600+ MHz UltraSPARC-III expected in summer of 1998
Sun says this chip will scale to 1,000 processor systems, but won't say when they will be coming
2 Floating Point
64KB 4-way Data
32KB 4-way Instruction
2KB 4-way Prefetch
2KB 4-way Write
1, 4, 8MB 1-way
On-chip Tags - 90 KB
Off-chip Data - 5ns SRAMs
Gary Lauterbach, chief architect of the UltraSPARC-III, says the chip will have a clock speed in excess of 600 MHz (Megahertz) and, thanks to a design that is "focused on scalability," will be able to scale to over 1,000 processors in a single system. He says the new .25 micron manufacturing process used in the UltraSPARC-III is a "major driver" behind the performance increases, calling them "a two to three times leap from the previous generation [the UltraSPARC-II]."
Recently, in an interview with SunWorld, Bill Russell, general manager for rival Hewlett-Packard's Enterprise Server Group, claimed that his company's Merced chip would boast a 10- to 15-fold performance increase over chips like the UltraSPARC II. With today's revelations from Sun, the gap is narrowed between Sun's publicly announced chip and Intel and HP's still-top-secret Merced product. Claiming superior performance for a completely unannounced product is easy for HP to do. As Dean McCarron, a principal with Phoenix's Mercury Research, says of Merced, "ultimately, it's a lot of marketing until the product shows."
And when will Merced show? Not soon, apparently. The much-anticipated disclosure on IA-64 (Intel architecture-64) at next week's Microprocessor Forum show will contain only, according to an Intel spokesperson, "a very high-level snapshot of the instruction set architecture." News on the actual Merced implementation of IA-64 is not expected until the summer of next year. An actual shipping product is still "several years" away, according to Intel.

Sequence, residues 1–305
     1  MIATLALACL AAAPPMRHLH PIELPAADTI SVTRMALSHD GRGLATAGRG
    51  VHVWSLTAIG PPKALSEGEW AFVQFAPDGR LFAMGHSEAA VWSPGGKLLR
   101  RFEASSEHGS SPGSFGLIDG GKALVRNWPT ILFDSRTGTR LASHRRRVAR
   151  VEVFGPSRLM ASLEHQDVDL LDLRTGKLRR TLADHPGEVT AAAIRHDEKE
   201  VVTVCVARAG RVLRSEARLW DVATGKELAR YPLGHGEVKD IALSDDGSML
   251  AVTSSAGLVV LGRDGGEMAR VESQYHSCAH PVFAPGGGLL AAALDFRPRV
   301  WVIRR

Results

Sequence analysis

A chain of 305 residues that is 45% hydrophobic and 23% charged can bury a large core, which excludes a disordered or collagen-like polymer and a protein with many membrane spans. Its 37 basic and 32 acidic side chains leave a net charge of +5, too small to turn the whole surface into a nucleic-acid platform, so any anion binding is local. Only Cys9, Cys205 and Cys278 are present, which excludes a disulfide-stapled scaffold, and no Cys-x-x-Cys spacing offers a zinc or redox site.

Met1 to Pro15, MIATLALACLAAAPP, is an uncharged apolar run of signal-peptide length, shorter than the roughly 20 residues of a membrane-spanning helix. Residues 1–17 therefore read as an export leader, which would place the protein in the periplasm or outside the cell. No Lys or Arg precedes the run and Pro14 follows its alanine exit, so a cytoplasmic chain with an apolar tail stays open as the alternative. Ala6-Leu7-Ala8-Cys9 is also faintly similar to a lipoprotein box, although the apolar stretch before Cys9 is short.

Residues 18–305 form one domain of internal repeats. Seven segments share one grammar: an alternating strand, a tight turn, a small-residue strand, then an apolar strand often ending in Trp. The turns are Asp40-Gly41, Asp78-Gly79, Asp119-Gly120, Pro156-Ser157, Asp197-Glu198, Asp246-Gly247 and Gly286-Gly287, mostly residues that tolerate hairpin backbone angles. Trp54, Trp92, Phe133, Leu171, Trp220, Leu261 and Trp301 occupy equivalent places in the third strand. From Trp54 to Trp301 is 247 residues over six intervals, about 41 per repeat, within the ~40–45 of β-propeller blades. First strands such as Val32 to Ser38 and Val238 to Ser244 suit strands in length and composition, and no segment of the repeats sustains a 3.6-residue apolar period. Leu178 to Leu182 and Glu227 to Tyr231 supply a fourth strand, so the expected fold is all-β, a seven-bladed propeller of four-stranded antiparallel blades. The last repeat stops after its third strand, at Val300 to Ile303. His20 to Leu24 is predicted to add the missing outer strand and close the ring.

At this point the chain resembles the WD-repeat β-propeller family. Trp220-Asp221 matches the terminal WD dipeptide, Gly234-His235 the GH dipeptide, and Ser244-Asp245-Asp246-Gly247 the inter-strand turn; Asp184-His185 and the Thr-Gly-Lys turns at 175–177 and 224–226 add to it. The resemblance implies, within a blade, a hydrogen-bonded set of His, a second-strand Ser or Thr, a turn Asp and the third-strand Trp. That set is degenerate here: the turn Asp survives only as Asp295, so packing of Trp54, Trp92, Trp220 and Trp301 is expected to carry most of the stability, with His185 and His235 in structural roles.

|CPU Process Technology||
0.25 U CMOS
6 layer metal
|Core/IO voltages||1.8/1.5 volts|
|Performance @600MHz/8MB||35+/60+ SPECint/ft95|
|Die Size||330 mm2|
|Power dissipation at max MHz||70W @1.8v|
RAM 12 million
Logic 4 million
|Package||1200 pin LGA|
Jim Feltdhan, president of Semico Research, says the Ultra-III does more than close the gap between Sun and Intel's unannounced product. "This announcement puts Sun in the ball park of Intel's next-generation processor," he says, adding "by the time they get into production, and they do another rev of this, we'll probably see that they have capabilities of doing something higher than 600 MHz."
McCarron says "the main thing [about UltraSPARC-III] is that the multiprocessing capacity is substantial -- perhaps more than had been initially expected." Nobody is predicting that Sun will come out with a 1,000-processor system any time soon, but McCarron says, "what I would expect is some sort of high-end transaction-oriented server."
With 16 million transistors on the die, each of which can issue up to six instructions per cycle and lower latency due to on-chip L2 cache tags, Lauterbach says system memory has now been increased by a factor of four to eight times. He says instruction set enhancements like byte-shuffle arbitration and Java acceleration have been included and adds, "we've architected a lot of the long wire paths out of the machine."
The UltraSPARC-III will be a 64-bit chip based on the V9 instruction set. Sun says it will be compatible with previous versions of Solaris. According to Sun marketing manager Raza Eltejaein, "previous versions of Solaris will run immediately on the hardware, so there's no need to re-qualify software."
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